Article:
Tuesday, April 12, 2005

An academic library job interview

For readers in library school or those on the job hunt: I'm getting ready for my first professional academic library job interview. Wish me luck. The interview begins this Wednesday with dinner with the search committee chair and the library director. Thursday is a long day: meetings with the Dean, the library director, the library faculty, and the reference manager; lunch with the search committee; and a teaching demonstration. I will be exhausted afterward. But no rest for the weary: I have indexing and abstracting homework to do and surveys to send.

I am most anxious about the teaching demonstration. Luckily, I have some great colleagues at work who are willing to pretend to be first-year students during a rehearsal I will conduct tomorrow. I think my anxiety comes from my desire to be flexible during instruction while at the same time providing some structure. That, and I only have 20 minutes to demonstrate how to search for articles, explain how to distinguish between types of periodicals, and suggest ways to think critically about choosing articles for research, all while engaging the class. :) It's ambitious, but so are most one-shot library instruction sessions. I may have packed in too much, so tomorrow's practice is crucial in determining how I've planned for time. That, and I'm looking for constructive criticism on my teaching style and instructional methods.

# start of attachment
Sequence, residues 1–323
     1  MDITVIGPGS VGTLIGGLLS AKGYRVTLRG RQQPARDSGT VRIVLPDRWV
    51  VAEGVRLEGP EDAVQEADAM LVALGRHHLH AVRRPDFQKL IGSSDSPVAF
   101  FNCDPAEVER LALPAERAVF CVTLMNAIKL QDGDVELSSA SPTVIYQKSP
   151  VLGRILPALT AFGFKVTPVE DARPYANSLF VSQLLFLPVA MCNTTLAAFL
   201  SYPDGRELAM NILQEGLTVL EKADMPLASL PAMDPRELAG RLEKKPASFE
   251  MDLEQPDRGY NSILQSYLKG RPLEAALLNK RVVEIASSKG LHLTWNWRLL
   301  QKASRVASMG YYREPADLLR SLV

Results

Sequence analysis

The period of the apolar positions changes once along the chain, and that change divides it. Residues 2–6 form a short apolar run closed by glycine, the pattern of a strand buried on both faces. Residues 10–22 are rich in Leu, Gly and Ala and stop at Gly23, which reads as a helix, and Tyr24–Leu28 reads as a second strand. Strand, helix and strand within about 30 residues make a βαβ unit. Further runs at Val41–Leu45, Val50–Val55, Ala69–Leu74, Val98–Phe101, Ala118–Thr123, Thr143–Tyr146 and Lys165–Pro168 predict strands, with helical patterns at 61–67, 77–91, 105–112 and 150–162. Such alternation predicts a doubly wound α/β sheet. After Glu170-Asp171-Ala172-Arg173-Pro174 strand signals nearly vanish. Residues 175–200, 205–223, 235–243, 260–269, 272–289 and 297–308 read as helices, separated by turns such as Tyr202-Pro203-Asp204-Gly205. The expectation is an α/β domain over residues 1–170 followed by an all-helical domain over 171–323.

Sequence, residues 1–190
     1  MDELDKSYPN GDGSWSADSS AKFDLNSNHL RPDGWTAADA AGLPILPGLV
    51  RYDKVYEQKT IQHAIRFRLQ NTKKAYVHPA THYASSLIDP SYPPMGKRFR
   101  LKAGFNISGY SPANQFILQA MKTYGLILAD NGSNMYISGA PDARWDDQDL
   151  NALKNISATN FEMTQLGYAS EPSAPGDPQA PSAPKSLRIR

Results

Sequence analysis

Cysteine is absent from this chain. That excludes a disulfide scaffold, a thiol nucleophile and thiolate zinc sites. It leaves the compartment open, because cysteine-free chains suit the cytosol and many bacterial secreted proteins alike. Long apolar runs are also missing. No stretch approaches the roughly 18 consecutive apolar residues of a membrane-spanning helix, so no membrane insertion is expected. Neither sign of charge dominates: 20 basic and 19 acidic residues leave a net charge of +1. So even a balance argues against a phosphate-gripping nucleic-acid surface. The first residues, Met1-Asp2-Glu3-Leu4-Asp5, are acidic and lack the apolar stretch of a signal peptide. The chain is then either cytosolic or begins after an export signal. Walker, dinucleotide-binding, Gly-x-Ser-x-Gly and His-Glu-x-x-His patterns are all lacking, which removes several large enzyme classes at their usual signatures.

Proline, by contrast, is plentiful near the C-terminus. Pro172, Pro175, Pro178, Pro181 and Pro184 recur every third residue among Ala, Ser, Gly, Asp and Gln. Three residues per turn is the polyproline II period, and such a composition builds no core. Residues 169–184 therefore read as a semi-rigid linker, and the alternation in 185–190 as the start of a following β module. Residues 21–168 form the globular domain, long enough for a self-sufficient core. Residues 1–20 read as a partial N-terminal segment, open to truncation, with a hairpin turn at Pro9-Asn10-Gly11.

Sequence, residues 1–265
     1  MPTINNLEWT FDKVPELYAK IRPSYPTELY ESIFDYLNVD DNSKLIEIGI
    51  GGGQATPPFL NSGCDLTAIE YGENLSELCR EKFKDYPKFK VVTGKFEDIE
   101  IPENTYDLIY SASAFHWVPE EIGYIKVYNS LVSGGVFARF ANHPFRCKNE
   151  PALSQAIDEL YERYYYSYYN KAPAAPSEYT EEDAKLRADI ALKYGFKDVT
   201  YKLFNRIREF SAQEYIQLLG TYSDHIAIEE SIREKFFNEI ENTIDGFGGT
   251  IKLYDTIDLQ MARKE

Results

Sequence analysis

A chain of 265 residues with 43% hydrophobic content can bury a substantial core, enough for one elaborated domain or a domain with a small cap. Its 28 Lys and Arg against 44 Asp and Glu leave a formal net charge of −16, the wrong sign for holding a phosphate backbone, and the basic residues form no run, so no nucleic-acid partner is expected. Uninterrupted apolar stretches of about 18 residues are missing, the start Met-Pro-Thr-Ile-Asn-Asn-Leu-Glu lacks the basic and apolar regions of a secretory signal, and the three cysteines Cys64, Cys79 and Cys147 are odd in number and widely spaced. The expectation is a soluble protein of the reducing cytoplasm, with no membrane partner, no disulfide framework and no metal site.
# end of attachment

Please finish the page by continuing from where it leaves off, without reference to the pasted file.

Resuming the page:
But if there's one thing you want students to remember from instructional sessions like these, it's "Ask a librarian!"

For those of you who are curious: did I spend any time at the placement center at ACRL? No, none at all. I'm not aware of anyone who is ever hired on the spot, and I have more than enough sources of job openings and reviewers of my resume. I spent my time attending the sessions, learning more about academic librarianship.


Michelle said...

Best of luck on your interview, Alec! Not that you need it, of course. You'll do great, I'm sure.

I hope you'll report back on it, because I know the academic library interview can be an intimidating process for graduate students. One piece of advice: don't ask all your questions at once and ask some of the same questions twice. Every person you meet with will ask you if you have any questions, so save some for later meetings. However, it's also interesting (particularly when meeting one-on-one with staff members) to ask the same questions and see if the responses differ.


Barbara said...

Break a leg, Alec - well, figuratively speaking. I don't advise interviewing on crutches.

Michelle is closer to this experience than I am so she has some good advice. I would just add that I am always pleased when a candidate asks questions about the program and the college. Shows they're curious and that's a really important quality for anyone entering a field that changes so much and offers so many opportunities to make things better.